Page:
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doth excel in good laws, and well administering of justice, so are we likewise to consider in it the many princes with whom we may have league, the places of trade, and means to draw both soldiers and furniture thence in time of need. So on the other side, as in France and Spain, we are principally to mark how they stand towards us both in power and inclination; so are they, not without good and fitting use, even in the generality of wisdom to be known. As in France, the courts of parliament, their subaltern jurisdiction, and their continual keeping of paid soldiers. In Spain, their good and grave proceedings; their keeping so many provinces under them, and by what manner, with the true points of honor; wherein since they have the most open conceit, if they seem over curious, it is an easy matter to cut off when a man sees the bottom. Flanders likewise, besides the neighborhood with us, and the annexed considerations thereunto, hath divers things to be learned, especially their governing their merchants and other trades. Also for Italy, we know not what we have, or can have, to do with them, but to buy their silks and wines ; and as for the other point, except Venice, whose good laws and customs we can hardly proportion to ourselves, because they are quite of a contrary government; there is little there but tyrannous oppression, and servile yielding to them that have little or no right over them. And for the men you shall have there, although indeed some be excellently learned, yet are they all given to counterfeit learning, as a man shall learn among them more false grounds of things than in any place else that I know; for, from a tapster upwards, they are all discoursers in certain matters and qualities, as horsemanship, weapons, painting, and such are better there than in other countries; but for other matters, as well, if not better, you shall have them in nearer places.

Now resteth in my memory but this point, which indeed is the chief to you of all others; which is the choice of what men you are to direct yourself to; for it is certain no vessel can leave a worse taste in the liquor it contains, than a wrong teacher infects an unskillful hearer with that which hardly will ever out: I will not tell you some absurdities I have heard travelers tell; taste him well before you drink much of his doctrine. And when


have heard it, try well what you have heard, before you hold it for a principle; for one error is the mother of a thousand. But you may say, how shall I get excellent men to take pains to speak with me! truly in few words, either by much expense or much humbleness.

Your most loving Brother,





Travel, in the younger sort, is a part of education; in the elder, a part of experience. He that traveleth into a country, before he hath some entrance into the language, goeth to school and not to travel. That young men travel under some tutor, or grave servant, I allow (approve) well; so that he be such a one that hath the language, and bath been in the country before ; whereby he may be able to tell then what things are worthy to be seen in the country where they go, what acquaintances they are to seek, what exercises or discipline the place yieldeth ; for else young men shall go hooded, , and look abroad little. It is a strange thing that, in sea voyages, where there is nothing to be seen but sky and sea, men should make diaries; but in land travel, wherein so much is to be observed, for the most part they omit it; as if chance were fitter to be registered than observation : let diaries, therefore, be brought in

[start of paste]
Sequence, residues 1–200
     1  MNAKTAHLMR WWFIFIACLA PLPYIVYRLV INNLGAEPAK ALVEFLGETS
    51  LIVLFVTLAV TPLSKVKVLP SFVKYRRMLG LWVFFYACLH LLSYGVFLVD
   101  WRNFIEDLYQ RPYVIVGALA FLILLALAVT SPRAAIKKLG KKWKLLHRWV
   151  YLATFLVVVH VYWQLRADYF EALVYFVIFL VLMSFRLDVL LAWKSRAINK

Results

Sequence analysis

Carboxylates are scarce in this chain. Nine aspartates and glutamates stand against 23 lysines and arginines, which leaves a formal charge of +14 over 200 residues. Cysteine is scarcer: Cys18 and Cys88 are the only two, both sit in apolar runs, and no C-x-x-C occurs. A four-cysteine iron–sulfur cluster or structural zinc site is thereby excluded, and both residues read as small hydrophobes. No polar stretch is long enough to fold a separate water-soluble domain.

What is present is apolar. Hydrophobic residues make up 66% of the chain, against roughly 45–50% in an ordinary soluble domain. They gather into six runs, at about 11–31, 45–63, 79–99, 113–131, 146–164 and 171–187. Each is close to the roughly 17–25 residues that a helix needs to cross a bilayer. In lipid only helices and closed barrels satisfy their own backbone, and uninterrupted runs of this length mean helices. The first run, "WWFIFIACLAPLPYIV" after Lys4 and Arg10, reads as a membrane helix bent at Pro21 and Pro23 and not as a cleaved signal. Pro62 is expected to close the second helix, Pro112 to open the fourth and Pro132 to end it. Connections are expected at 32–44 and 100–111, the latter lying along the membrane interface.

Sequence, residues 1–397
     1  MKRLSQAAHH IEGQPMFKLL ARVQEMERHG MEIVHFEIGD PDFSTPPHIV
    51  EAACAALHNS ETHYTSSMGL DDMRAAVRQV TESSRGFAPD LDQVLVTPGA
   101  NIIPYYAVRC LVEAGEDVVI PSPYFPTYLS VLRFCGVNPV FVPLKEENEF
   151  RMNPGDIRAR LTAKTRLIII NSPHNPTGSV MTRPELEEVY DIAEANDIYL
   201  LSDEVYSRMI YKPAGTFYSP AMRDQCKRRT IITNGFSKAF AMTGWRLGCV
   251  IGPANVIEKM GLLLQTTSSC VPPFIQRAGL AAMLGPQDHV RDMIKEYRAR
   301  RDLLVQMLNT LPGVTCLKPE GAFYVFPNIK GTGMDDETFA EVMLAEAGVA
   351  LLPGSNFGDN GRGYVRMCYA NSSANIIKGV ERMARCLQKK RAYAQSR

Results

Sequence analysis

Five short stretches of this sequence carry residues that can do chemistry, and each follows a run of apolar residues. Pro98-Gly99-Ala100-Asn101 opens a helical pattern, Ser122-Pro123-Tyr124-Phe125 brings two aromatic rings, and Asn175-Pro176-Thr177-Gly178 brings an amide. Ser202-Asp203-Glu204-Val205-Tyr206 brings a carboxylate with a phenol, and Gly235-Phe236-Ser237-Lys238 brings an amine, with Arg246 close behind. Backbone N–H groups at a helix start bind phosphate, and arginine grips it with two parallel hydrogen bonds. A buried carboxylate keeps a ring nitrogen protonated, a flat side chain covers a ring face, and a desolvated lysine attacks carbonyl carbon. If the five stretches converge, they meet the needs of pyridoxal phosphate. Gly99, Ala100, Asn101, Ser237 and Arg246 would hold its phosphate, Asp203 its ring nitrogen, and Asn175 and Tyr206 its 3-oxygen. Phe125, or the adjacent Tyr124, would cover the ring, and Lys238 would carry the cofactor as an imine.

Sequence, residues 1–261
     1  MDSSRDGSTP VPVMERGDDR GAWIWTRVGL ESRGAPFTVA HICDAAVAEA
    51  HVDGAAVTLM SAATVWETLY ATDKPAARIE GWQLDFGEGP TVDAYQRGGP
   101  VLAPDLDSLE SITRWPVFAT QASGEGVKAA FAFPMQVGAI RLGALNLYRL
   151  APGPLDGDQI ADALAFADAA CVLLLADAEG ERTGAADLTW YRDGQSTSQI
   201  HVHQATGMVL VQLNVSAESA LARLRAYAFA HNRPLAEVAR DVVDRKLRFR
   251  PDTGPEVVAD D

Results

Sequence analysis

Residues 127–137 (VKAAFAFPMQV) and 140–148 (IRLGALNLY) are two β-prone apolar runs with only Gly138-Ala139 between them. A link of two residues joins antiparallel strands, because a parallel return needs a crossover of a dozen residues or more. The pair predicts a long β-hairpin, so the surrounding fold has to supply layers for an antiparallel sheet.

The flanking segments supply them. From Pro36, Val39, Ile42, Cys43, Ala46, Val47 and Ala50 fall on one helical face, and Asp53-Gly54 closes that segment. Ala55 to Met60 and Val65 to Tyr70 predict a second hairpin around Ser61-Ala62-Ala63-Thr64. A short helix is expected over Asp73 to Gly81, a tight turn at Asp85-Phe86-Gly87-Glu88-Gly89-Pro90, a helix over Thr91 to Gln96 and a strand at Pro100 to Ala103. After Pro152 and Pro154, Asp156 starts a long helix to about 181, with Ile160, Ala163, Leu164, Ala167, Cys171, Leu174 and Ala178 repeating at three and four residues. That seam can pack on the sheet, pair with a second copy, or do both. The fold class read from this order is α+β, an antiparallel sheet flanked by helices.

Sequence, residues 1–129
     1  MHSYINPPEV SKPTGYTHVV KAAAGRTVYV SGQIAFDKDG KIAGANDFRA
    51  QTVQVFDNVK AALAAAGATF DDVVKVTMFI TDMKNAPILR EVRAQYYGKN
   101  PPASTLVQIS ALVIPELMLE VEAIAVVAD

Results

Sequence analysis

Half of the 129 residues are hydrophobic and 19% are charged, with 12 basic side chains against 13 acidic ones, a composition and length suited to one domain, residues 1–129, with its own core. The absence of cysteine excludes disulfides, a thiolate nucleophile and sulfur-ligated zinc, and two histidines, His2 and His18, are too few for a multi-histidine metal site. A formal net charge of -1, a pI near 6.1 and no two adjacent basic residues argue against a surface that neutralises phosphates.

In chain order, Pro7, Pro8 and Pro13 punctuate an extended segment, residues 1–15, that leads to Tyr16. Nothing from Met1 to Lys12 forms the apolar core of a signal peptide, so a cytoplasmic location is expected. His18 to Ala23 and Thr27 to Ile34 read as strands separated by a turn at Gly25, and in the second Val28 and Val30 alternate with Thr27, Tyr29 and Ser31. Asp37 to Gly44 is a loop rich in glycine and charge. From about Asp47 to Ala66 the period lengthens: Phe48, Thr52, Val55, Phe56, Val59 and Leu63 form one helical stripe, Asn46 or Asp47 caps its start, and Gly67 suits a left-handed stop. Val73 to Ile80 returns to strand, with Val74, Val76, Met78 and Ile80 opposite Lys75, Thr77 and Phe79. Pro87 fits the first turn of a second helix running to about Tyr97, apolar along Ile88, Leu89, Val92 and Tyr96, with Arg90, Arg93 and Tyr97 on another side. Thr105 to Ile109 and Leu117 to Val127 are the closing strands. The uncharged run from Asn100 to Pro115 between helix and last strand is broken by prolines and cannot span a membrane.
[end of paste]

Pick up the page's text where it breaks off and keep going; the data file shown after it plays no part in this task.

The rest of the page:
The things to be seen and observed are the courts of princes, especially when they give audience to ambassadors ; the courts of justice, while they sit and hear causes ; and so of consistories ecclesiastic; the churches and monasteries, with the monuments that are therein extant; the walls and fortifications of cities and towns; and so the havens and barbors, antiquities and ruins, libraries, colleges, disputations, and lectures, where any are; shipping and navies ; houses and gardens of state and pleasure, near great cities; armories, arsenals, magazines, exchanges, burses, warehouses, exercises of horsemanship, fencing, training of soldiers, and the like: comedies, such whereunto the better sort of persons do resort ; treasuries of jewels and robes ; cabinets and rarities; and, to conclude, whatsoever is memorable in the places where they go; after all which the tutors or servants ought to make diligent inquiry. As for triumphs, masks, feasts, weddings, funerals, capital executions, and such shows, men need not to be put in mind of them: yet they are not to be neglected. If you will have a young man to put his travel into a little room, and in short time to gather much, this you must do: first, as was said, he must have some entrance into the language before he goeth; then he must have such a servant, or tutor, as knoweth the country, as was likewise said : let him carry with him also some card, or book, describing the country where he traveleth, which will be a good key to his inquiry; let him keep also a diary; let him not stay long in one city or town, more or less as the place deserveth, but not long; nay, when he stayeth in one city or town, let him change his lodging from one end and part of the town to another, which is a great adamant (loadstone) of acquaintance; let him sequester himself from the company of his countrymen, and diet in such places where there is good company of the nation where he traveleth : let him, upon his removes from one place to another, procure recommendation to some person of quality residing in the place whither he removeth, that he may use his favor in those things he desireth to see or know: thus he may abridge his travel with much profit. As for the acquaintance which is to be sought in travel, that which is most of all profitable is acquaintance with the secretaries and employed men of ambassadors : for so in traveling in one country, he shall suck the experience of many : let him also see and visit eminent persons in all kinds, which are of great name abroad, that he may be able to tell how the life agreeth with the fame. For quarrels, they are with care and discretion to be avoided; they are commonly for mistresses, healths, place, and words: and let a man beware how he keepeth company with choleric and quarrelsome persons, for they will engage him in their own quarrels. When a traveler returneth home, let him not leave the countries where he hath traveled altogether behind him; but maintain a correspondence by letters with those of his acquaintance which are of most worth ; and let his travel appear rather in his discourse than in his apparel or gesture; and in his discourse let him be rather advised in his answers than forward to tell stories : and let it

appear that he doth not change his country manners for those of foreign parts; but only prick in some flowers of that which he hath learned abroad into the customs of his own country.